Tue, 03 Oct 2017
Over the years, there’s been considerable progress in the development of strategies aimed at eliminating porcine respiratory and reproductive syndrome virus (PRRSV). I define successful PRRSV elimination as the absence of clinical disease in the breeding herd and, more importantly, the absence of the vertical transmission of virus to weaned pigs.
By Amber Stricker, DVM
Suidae Health and Production
Unfortunately, successful PRRS elimination isn’t always achieved in some herds, and I have several experiences that may help answer why.
No break in disease cycle
To survive, a virus has to have a susceptible host to infect. If a population of animals remains closed to new introductions, the virus will eventually infect its last susceptible host, herd immunity will develop and the virus will cease to survive. This is referred to as a break in the disease cycle through the implementation of herd closure.
In contrast, introducing a new subpopulation of susceptible animals into the herd when the virus is still active enables the virus to continue replicating. The result is persistent shedding throughout the population.
To achieve herd closure on breeding farms, it’s imperative that no replacement stock be brought in for a set time period. For single-site, farrow-to-feeder or farrow-to-finish operations, this includes stopping the introduction of newly weaned pigs until animals on the site have had sufficient time to recover and are no longer shedding the virus.
Insufficient herd closure
Herd closures should last at least 240 to 250 days before new animals are introduced. In one recent study involving 60 breed-to-wean farms, the median time-to-negative-pigs (TTNP) was 27 weeks, but the range was anywhere between 12 and 43 weeks. This was based on PCR negative results from 30 due-to-wean pigs over 90 days.1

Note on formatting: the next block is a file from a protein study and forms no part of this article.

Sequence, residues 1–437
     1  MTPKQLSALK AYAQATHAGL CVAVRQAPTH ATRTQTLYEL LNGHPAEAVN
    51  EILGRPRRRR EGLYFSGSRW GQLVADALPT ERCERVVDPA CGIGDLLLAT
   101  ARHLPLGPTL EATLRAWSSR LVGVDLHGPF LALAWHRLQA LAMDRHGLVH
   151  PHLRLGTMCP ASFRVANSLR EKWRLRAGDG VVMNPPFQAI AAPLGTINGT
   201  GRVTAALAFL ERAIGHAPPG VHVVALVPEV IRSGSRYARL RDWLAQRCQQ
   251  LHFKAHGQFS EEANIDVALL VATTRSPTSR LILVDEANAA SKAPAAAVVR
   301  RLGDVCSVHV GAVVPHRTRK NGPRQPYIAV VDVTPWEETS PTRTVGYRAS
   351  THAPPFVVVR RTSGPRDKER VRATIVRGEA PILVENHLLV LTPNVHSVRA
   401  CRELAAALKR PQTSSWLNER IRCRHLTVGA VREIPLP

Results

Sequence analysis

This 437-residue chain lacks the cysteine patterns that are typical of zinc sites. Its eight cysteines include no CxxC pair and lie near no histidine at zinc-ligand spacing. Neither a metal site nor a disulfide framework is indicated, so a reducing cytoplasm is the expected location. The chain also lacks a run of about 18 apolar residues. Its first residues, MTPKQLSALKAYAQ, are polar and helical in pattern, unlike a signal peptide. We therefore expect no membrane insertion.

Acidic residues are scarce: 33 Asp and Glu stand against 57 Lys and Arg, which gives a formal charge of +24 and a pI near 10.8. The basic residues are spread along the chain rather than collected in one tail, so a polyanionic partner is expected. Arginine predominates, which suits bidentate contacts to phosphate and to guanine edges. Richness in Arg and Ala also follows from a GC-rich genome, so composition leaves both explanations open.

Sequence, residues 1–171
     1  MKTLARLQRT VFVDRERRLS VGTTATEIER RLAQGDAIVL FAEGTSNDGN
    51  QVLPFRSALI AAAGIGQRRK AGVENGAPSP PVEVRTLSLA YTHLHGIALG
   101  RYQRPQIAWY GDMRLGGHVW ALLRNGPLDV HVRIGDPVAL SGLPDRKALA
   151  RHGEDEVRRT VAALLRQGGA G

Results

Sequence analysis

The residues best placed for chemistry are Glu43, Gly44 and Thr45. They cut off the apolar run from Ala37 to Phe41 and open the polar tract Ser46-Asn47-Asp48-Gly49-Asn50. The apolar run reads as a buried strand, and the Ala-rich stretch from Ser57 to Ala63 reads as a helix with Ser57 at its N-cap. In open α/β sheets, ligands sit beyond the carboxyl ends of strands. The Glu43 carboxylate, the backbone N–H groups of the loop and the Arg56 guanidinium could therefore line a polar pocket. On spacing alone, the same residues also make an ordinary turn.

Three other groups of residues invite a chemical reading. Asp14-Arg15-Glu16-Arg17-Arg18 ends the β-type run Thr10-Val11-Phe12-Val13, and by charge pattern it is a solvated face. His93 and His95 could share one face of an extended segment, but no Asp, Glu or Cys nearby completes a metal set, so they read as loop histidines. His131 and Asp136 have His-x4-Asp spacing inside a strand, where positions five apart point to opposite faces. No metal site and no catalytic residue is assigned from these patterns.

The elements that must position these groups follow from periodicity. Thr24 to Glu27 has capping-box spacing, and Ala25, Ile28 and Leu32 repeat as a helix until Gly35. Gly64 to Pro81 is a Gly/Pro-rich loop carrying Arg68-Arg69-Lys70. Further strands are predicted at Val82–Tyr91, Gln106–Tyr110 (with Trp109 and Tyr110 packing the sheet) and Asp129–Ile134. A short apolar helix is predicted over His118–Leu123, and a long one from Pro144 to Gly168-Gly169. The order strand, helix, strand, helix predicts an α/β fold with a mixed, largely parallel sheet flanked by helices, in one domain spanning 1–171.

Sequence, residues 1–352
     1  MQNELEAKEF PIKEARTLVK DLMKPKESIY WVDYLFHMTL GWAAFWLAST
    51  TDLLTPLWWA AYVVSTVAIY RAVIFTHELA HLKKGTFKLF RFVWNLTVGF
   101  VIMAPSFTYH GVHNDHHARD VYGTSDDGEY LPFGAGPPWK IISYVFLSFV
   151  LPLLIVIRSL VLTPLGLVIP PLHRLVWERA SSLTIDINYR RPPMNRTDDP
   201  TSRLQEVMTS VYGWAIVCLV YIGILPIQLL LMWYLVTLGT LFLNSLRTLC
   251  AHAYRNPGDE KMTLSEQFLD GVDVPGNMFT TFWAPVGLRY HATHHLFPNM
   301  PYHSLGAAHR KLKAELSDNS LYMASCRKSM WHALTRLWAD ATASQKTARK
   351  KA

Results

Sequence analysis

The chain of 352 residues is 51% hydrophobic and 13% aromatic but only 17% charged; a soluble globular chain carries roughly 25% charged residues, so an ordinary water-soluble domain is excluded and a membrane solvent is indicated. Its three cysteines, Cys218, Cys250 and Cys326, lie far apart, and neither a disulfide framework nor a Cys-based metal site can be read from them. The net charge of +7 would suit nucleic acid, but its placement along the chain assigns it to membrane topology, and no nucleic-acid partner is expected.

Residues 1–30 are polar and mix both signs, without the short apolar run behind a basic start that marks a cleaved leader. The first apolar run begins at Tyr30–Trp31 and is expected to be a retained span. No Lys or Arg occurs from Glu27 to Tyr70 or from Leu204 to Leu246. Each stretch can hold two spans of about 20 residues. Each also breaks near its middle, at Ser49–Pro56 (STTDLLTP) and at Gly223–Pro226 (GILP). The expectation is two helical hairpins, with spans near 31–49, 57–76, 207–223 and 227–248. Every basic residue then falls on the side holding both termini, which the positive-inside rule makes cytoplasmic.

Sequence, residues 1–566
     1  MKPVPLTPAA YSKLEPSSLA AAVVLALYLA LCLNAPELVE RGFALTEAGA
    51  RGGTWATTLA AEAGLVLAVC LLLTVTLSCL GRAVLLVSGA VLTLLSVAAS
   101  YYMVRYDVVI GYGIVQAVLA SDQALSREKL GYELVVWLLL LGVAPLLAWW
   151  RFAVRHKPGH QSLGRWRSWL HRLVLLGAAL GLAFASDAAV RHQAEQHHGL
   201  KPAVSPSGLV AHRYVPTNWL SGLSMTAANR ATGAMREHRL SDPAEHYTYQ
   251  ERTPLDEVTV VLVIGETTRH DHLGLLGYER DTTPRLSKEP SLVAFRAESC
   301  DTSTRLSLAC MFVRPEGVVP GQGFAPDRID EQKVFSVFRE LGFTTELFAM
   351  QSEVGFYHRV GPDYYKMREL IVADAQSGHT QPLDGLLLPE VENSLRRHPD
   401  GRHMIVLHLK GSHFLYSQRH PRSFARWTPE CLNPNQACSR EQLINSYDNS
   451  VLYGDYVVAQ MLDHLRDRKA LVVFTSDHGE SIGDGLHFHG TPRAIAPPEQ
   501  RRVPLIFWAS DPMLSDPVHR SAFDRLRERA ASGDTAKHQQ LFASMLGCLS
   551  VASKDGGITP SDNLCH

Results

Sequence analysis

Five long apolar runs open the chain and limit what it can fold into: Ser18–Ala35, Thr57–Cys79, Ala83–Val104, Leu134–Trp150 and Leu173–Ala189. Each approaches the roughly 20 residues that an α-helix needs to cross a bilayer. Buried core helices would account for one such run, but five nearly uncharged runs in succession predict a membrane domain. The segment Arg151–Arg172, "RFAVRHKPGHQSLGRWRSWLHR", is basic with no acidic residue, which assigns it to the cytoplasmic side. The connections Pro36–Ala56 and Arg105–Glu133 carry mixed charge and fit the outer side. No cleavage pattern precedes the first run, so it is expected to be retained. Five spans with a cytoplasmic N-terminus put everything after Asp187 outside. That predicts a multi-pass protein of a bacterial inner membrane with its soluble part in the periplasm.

The variability in TTNP is well documented and the reasons why aren’t well understood, so it’s best to plan on an extended herd closure if possible.
Day 0 of herd stability or the elimination process is defined as the day the last susceptible animal was exposed to virus. Unless you sample every single animal, this is impossible to determine.
In a perfect world, virus exposure would occur naturally over a short period of time. The way we manage animals, however, interferes with natural exposure and prolongs its course. The size of the farm and the layout — for instance whether we have gestation stalls instead of pens or individual drinkers versus water troughs — affects the transmission of the virus in the population.
It’s no wonder why some veterinarians choose not to wait for the virus to move on its own. Instead, they may deliberately expose the breeding herd to the live field strain of PRRSV or with the use of Modified Live Vaccines or autogenous vaccines.
Exactly how deliberate virus exposure is accomplished needs to be carefully considered. PRRSV is shed through saliva, nasal secretions, semen, urine, feces and mammary secretions. However, pigs are not equally susceptible to PRRSV by all routes of exposure. For example, the amount of virus required to transmit PRRSV via oral and intranasal routes is exponentially higher than it is with exposure via the intramuscular route.2
There’ve been field reports that planned PRRSV exposure to breeding animals via the oral or intranasal route — using saline-diluted serum from known PRRS-positive animals sprayed on the mouth and nose — results in less severity in clinical disease, indicating that pigs perhaps aren’t as susceptible to PRRSV exposure with this route of transmission.
In my experience, intranasal exposure has resulted in incomplete exposure of susceptible populations. In other words, subpopulations of animals that weren’t exposed properly on the day of intentional exposure are later exposed via contact with infected animals; their recovery lags behind the rest of the animals and they impair the ability of the herd to fully recover within the expected time period.
Once it’s been verified by diagnostic sampling that most piglets are born negative for PRRSV, it’s good to establish a protocol that minimizes the spread of virus within the farrowing house. In practice, these protocols, often loosely referred to as McREBEL protocols,3 vary somewhat but are all aimed at minimizing the spread of PRRSV from one litter to the next within and between farrowing rooms. These protocols can work but require discipline to maintain.